Guidelines for "SIDS prevention" are like guidelines about cancer prevention. Researchers don't claim they know how to prevent SIDS in any given individual. But they've identified a number of practices that appear to increase the risk of sudden infant death syndrome.
Practices to AVOID include:
Why are these practices risky?
In some cases, it’s because they create an asphyxiation hazard. In other cases, it’s because they may interfere with the baby’s ability to arouse from sleep.
That’s important, because many researchers believe that SIDS caused by a failure to arouse during a potentially life-threatening event, like a severe episode of sleep apnea. (For more information, see this evidence-based article on the causes of SIDS.)
Is there anything else we can do?
Here are some other practices that might contribute to risk of SIDS.
Analyses of SIDS cases suggest that breastfeeding has a protective effect against SIDS. Compared to controls, breastfed babies were less likely to die of SIDS, even after controlling for maternal socioeconomic status, baby’s sleeping position, smoking, and bed sharing (Hauck et al 2011).
Why? It’s possible that safety-conscious moms are more likely to breastfeed, in which case breastfeeding isn’t the cause of lower SIDS rates, but merely a marker of a lifestyle associated with SIDS prevention practices.
But there are reasons to suspect that much more is going on. Experiments show that breastfeeding babies are more easily aroused from sleep (Horne 2006; Horne et al 2004; Franco et al 2000). And breastfeeding benefits a baby’s immune system. As a result, babies may be less likely to succumb to infections that could trigger a SIDS event (Vennemen 2009).
Sleeping in the same room with your baby
Experiments show that babies who share their mothers’ beds experience more arousals from sleep, which could conceivably reduce an infant's risk of SIDS (Mosko et al 1997; Mao et al 2004). In fact, some researchers have speculated that the low rate of SIDS reported in Japan is attributable, in part, to traditional Japanese practice of mother-infant co-sleeping.
But studies of Western populations have failed to show any such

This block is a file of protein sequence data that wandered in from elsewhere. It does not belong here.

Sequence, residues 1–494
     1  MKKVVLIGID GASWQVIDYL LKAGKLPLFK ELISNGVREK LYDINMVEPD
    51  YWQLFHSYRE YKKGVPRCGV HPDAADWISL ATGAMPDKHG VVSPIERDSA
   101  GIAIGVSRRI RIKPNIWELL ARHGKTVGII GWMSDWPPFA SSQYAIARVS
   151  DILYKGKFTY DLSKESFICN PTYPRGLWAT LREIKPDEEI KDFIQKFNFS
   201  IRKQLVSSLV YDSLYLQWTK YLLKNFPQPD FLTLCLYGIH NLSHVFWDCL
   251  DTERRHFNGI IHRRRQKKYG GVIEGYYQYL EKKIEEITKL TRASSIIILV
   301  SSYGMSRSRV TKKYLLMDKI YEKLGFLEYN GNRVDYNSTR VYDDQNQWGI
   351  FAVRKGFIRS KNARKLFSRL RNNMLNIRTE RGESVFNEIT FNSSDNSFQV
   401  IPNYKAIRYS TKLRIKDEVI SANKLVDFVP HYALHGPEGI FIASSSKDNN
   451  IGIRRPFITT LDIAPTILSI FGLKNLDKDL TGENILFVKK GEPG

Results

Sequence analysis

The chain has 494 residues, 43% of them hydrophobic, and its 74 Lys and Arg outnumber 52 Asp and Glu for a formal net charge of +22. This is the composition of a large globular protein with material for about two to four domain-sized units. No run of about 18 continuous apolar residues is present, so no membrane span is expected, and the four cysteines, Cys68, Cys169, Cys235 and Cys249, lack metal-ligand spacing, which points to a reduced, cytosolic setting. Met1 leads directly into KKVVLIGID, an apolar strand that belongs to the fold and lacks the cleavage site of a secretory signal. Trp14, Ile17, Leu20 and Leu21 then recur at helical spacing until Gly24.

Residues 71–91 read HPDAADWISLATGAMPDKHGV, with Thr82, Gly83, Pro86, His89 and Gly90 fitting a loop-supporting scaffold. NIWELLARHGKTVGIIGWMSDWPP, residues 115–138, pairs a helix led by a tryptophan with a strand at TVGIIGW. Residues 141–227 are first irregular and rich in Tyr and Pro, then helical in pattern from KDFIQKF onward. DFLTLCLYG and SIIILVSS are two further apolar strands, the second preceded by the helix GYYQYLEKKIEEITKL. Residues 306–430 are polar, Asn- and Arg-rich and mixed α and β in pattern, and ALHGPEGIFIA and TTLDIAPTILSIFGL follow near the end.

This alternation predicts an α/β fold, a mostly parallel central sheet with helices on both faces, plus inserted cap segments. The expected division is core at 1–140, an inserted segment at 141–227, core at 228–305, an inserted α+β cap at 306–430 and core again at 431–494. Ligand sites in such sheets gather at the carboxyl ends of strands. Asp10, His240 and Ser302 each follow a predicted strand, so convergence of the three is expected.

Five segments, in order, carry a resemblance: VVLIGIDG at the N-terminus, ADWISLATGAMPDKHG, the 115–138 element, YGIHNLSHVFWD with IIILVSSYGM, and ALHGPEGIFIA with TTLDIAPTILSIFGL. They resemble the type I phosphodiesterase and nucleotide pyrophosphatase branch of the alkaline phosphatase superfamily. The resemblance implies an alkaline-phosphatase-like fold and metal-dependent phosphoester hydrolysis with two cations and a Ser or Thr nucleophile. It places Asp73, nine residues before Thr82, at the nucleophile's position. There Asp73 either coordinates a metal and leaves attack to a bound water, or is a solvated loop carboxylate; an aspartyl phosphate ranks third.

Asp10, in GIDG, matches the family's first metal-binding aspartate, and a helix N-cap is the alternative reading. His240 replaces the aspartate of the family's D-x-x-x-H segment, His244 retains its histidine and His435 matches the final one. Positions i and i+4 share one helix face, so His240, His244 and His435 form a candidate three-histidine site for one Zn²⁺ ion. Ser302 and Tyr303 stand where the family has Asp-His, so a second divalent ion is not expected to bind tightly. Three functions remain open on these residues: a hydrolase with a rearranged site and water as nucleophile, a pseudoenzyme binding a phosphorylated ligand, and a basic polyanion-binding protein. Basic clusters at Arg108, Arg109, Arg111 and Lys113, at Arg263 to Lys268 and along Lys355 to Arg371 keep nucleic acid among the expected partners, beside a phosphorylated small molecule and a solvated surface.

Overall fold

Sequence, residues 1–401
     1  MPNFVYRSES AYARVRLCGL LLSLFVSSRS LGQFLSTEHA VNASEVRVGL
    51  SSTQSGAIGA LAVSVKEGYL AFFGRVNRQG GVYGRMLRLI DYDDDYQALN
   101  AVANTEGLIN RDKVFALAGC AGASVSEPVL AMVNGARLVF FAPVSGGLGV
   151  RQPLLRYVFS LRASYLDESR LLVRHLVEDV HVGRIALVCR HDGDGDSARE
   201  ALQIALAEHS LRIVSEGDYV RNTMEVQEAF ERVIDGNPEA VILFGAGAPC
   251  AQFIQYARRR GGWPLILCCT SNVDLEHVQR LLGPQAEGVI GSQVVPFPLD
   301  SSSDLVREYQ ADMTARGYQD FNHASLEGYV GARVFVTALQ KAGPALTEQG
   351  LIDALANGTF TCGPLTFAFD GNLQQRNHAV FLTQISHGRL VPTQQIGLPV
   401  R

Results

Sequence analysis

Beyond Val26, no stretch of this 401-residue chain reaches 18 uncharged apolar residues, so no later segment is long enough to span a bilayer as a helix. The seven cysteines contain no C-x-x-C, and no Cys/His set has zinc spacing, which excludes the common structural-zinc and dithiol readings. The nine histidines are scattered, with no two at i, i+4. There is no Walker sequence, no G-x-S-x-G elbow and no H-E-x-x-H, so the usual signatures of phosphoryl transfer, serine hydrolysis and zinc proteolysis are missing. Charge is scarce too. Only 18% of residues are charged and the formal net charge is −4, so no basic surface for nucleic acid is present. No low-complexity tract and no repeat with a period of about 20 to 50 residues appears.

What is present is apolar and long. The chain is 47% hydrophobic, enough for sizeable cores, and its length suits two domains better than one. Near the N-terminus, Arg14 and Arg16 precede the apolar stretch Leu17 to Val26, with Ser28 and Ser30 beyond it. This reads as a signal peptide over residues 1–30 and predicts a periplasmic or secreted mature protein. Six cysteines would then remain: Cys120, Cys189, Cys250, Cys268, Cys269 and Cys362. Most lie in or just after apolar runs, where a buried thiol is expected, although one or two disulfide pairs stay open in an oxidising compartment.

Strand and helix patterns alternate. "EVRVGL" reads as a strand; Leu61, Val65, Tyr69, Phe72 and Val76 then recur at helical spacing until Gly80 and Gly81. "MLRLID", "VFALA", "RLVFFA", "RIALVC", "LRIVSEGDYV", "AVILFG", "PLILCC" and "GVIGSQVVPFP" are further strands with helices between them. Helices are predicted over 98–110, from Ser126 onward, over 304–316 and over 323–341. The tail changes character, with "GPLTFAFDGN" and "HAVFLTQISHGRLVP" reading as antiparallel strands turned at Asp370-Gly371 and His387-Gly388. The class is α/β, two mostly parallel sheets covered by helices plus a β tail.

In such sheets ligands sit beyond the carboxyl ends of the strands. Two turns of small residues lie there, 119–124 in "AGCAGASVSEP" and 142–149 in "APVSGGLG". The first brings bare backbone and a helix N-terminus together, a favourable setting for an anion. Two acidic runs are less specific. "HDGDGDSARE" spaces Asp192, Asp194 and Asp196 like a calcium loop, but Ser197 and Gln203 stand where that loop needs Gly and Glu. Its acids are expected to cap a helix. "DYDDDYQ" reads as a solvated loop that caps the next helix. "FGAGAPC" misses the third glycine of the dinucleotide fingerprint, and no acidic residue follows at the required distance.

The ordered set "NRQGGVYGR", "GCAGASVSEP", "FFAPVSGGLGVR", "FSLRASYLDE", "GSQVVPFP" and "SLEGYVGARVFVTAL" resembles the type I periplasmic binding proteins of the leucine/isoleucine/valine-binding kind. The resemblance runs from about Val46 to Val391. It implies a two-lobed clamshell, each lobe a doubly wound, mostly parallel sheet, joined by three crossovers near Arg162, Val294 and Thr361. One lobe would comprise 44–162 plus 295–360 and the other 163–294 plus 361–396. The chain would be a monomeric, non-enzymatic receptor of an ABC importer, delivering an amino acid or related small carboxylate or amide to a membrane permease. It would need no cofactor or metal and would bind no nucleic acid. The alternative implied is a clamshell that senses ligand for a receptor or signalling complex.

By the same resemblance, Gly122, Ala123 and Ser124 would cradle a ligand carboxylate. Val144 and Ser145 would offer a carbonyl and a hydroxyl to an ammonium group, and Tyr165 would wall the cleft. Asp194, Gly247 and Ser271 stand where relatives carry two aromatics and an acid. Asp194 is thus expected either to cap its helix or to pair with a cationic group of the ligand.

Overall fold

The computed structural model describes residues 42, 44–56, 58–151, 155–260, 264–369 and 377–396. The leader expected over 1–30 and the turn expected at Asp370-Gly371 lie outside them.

protective effect. On the contrary, a recent case study of SIDS rates in
Europe found that bed-sharing increased the risk of SIDS for infants
under 20 weeks of age (Carpenter et al 2013). As Edwin Mitchell and Peter Blair (2012) have argued, some deaths would be prevented if parents were better informed about this risk.
What's the going on? That's not entirely clear, but it seems
likely that bed-sharing, as it is typically practiced in Western
countries, exposes babies to a number of hazards.
You can read about these hazards -- and the general question of bed-sharing safety -- here.
But bed-sharing isn't the only way to co-sleep, and one thing seems to be uncontroversial:
Sleeping near parents, but on a separate, infant-appropriate surface, is an excellent way to minimize risk.
In a large study of European SIDS cases, researchers found that SIDS rates were lowest for babies who slept in the same room as their parents did, but in a separate crib or cot (Carpenter et al 2004).
Use of a fan
Both overheating and high CO2 levels put babies at greater risk. Does this mean that we can lower the SIDS risk if we improve the ventilation of the bedroom? The jury is still out, but it seems possible. A study of SIDS cases in California found that a baby was less likely to die of SIDS in a warm room if there was a fan in use (Coleman-Phox et al 2009).